In addition, the Administrative Guidance clarifies that, for purposes of the allocation key described above, GloBE Jurisdictional ETR will include Qualified Domestic Top-Up Taxes (QDMTTs) only if the CFC Tax Regime jurisdiction (ie, the US) allows a foreign tax credit (FTC) for the QDMTT “on the same terms as any other creditable Covered Tax.”
Elsewhere in the Administrative Guidance, it is noted that QDMTT are computed without regard to CFC Taxes. This is an important clarification and again confirms the OECD’s intent to allocate to the local jurisdiction the primary/first right to tax low-taxed income. Consequently, QDMTTs apply first (assuming creditability in the US), and before GILTI/Subpart F, seemingly precluding any allocation of CFC Taxes given the QDMTT would necessarily raise the Constituent Entities’ GloBE Jurisdictional ETR to 15 percent or greater.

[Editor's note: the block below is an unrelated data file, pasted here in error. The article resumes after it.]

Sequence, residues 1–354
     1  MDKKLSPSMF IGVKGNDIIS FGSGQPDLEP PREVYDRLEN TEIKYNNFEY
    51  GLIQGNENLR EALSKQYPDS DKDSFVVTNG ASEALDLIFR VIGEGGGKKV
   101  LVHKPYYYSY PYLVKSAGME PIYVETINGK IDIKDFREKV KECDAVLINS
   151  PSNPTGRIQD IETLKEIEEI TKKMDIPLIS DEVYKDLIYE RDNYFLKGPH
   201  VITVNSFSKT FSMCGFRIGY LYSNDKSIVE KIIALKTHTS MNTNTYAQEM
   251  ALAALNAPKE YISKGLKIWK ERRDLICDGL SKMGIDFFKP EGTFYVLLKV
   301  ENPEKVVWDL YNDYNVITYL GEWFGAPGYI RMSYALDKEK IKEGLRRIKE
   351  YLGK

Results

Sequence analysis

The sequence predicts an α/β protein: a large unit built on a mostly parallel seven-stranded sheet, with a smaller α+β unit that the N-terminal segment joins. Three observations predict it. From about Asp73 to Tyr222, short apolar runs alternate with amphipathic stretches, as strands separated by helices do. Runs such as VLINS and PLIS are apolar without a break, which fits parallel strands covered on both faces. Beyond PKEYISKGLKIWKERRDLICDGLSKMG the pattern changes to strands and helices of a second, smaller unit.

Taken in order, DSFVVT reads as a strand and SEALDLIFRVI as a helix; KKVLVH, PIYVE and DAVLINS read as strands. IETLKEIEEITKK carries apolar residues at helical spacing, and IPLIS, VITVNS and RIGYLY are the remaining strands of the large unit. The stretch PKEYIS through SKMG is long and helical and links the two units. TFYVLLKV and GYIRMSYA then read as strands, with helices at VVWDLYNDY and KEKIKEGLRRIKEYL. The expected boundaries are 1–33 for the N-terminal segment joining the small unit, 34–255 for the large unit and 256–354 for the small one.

For purposes of the above calculation, below are a few keys highlights:
- The allocation key applies to both Subpart F and GILTI taxes.
- Attributable income of a Constituent Entity is the amount of taxable income included for US tax purposes in the GILTI calculation. Although not specifically addressed, we believe this should include any positive income of a disregarded entity that is otherwise offset by losses of another disregarded entity of a CFC, including a Tested Loss CFC.
- The applicable rate for US GILTI is the statutory rate of GILTI, subject to the Section 250 deduction, and after taking into account the 20-percent haircut. Accordingly, the applicable rate is 13.125 percent (increasing to 16.56 percent for tax years after December 31, 2025).
- If the GloBE Jurisdictional ETR of a CFC equals or exceeds the Applicable Rate, the Blended CFC allocation key for that Constituent Entity is zero, and no allocation of US GILTI tax is made to such entity.
- The allocation key is set to sunset for calendar year taxpayers at the end of 2025, coinciding with the increase in the GILTI rate.